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Cooper v. Deville

United States District Court, W.D. Louisiana, Alexandria Division

February 15, 2018

MICHAEL COOPER #325027, Plaintiff
v.
JAMES DEVILLE, ET AL., Defendants

          DEE D. DRELL, JUDGE.

          REPORT AND RECOMMENDATION

          Joseph H.L. Perez-Montes, United States Magistrate Judge.

         Before the Court is a civil rights complaint (42 U.S.C. § 1983) filed by pro se Plaintiff Michael Cooper (#391434) (“Cooper”). Cooper was granted leave to proceed in forma pauperis. (Doc. 20). Cooper is an inmate in the custody of the Louisiana Department of Corrections (“DOC”), incarcerated at the Elayn Hunt Correctional Center (“EHCC”) in St. Gabriel, Louisiana. Cooper complains that his constitutional rights were violated when he was incarcerated at Winn Correctional Center (“WCC”). Cooper names as defendants Secretary James LeBlanc and numerous WCC officials. Cooper seeks monetary damages and injunctive relief.

         I. Background

         Cooper alleges he made a sick call in June 2016, due to dental pain. (Doc. 12-1, p. 6). Cooper made another sick call in September 2016, also due to dental pain, and he was placed on a list to see the dentist. (Doc. 12-2, p. 5). Cooper sought medical care again for dental pain in October 2016, and also complained that he was unable to use his CPAP machine because the cold air caused tooth pain. (Doc. 12-2, p. 6). Cooper was prescribed an antibiotic and analgesic. (Doc. 12-2, p. 6). Thereafter, Cooper was treated by a dentist, who extracted a tooth. However, in December 2016, Cooper complained of pain in the area where the tooth was pulled. (Doc. 12-2 p. 8). Cooper was prescribed an analgesic and advised to comply with his HIV medications. (Doc. 12-2, p. 8).

         Cooper alleges he filed administrative grievances related to his dental issues, but Defendant Heyse failed to properly process his grievances. Cooper also received a disciplinary conviction for malingering due to submitting “back to back sick calls.” (Doc. 12-2, p. 27).

         Next, Cooper complains that he was administered incorrect medication by a correctional officer in October 2016. The medication Cooper received was for an inmate named Michael Cormier. (Doc. 12-2, p. 20). Cooper's administrative grievance was rejected as untimely filed. (Doc. 12-2, p. 21).

         Cooper complains that he was denied the use of his CPAP machine for 10 days while he was in disciplinary segregation at WCC. According to the response to Cooper's grievance, an extension cord was needed, and “all attempts were made” to secure Cooper's CPAP while he was in segregation. (Doc. 12-2, p. 18).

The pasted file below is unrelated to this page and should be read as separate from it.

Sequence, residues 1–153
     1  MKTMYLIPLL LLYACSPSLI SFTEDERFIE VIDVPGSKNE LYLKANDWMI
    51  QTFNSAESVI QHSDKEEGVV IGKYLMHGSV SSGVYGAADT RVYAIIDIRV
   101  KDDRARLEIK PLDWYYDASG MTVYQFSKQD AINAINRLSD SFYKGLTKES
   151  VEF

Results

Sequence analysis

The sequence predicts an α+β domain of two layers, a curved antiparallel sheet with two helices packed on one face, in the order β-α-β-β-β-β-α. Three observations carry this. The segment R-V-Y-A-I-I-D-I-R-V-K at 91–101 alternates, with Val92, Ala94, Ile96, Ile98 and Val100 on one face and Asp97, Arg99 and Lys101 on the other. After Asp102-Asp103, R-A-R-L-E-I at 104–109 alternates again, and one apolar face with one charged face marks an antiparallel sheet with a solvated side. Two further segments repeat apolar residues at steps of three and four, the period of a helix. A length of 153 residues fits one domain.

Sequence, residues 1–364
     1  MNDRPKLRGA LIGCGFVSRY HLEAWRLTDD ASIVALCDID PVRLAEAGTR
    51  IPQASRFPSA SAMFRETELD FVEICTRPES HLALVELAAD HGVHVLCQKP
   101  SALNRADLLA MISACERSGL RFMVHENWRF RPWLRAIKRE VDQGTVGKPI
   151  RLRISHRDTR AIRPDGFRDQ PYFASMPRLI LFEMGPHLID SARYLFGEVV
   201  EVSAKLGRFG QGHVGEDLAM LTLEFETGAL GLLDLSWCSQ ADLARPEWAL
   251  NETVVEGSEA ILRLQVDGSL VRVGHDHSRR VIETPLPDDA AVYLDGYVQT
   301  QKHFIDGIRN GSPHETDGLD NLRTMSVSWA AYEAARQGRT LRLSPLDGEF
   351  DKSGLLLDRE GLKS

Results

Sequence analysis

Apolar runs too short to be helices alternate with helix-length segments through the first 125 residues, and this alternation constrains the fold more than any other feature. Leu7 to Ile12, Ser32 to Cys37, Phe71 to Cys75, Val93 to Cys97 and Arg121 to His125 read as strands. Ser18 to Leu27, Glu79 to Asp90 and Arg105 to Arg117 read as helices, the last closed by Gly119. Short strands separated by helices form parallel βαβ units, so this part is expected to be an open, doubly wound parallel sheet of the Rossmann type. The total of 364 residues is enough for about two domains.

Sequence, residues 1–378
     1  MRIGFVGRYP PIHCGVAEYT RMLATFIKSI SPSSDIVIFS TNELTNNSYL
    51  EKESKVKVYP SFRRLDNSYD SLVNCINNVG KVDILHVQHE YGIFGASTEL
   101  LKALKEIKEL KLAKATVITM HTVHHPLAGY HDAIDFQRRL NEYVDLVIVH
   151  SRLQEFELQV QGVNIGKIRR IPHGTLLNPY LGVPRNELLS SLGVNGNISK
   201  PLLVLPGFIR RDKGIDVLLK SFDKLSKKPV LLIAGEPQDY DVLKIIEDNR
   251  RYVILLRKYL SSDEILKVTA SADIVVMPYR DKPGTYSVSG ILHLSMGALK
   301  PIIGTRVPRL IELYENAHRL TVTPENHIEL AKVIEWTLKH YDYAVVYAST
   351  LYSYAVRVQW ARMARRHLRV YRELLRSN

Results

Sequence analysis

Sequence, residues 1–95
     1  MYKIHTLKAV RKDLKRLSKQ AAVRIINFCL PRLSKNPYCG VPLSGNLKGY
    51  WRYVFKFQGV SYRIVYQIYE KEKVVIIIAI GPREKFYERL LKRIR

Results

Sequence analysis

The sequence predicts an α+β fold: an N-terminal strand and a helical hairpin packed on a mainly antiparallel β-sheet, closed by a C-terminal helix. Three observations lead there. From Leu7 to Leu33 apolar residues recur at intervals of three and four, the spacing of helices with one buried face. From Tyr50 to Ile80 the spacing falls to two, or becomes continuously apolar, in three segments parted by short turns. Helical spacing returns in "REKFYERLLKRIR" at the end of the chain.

Cooper complains that he was not transferred from WCC to a facility that offers “good time programs, ” such as EHCC. (Doc. 12-1, p. 9). Cooper also complains that he was transferred from WCC to Jackson Parish Correctional Center (“JPCC”) on October 5, 2017, allegedly in retaliation for filing sick calls and grievances against the WCC medical department. (Doc. 12-1, p. 9). Cooper alleges JPCC also lacked the “good time programs.” (Doc. 12-2, p. 9). Cooper complains that he would be entitled to an earlier release from custody had he been at EHCC. (Doc. 12-2, p. 9).

         II. Law and Analysis

         A. Cooper's complaint is subject to screening under §§ 1915(e)(2) and 1915A.

         Cooper is a prisoner who has been allowed to proceed in forma pauperis. Title 28 U.S.C. § 1915A provides for the preliminary screening of lawsuits filed by prisoners seeking redress from an officer or employee of a governmental entity. See Martin v. Scott, 156 F.3d 578, 579-80 (5th Cir. 1998) (per curiam); Rosborough v. Mgmt. and Training Corp., 350 F.3d 459, 461 (5th Cir. 2003) (holding that private prison-management corporations and their employees are state actors under § 1983). Because Cooper is proceeding in forma pauperis, his complaint is also subject to screening under § 1915(e)(2). Both §§ 1915(e)(2)(B) and 1915A(b) provide for sua sponte dismissal of the complaint, or any portion thereof, if the Court finds it is frivolous or malicious, if it fails to state a claim upon which relief may be granted, or if it seeks monetary relief against a defendant who is immune from such relief.

         B. Cooper cannot show that he was denied adequate medical care.

         Cooper complains that he was denied dental care. Prison officials violate the Eighth Amendment's proscription against cruel and unusual punishment when they act with “deliberate indifference” to the serious medical needs of prisoners. See Farmer v. Brennan, 511 U.S. 825, 834, (1994); Estelle v. Gamble, 429 U.S. 97, 105 (1976). Deliberate indifference “is an extremely high standard to meet.” Gobert v. Caldwell, 463 F.3d 339, 346 (5th Cir. 2006) (citation omitted). An inmate must show that prison personnel ‚Äúrefused to treat him, ignored his complaints, intentionally treated him incorrectly, or engaged in any similar conduct that would clearly evidence a ...


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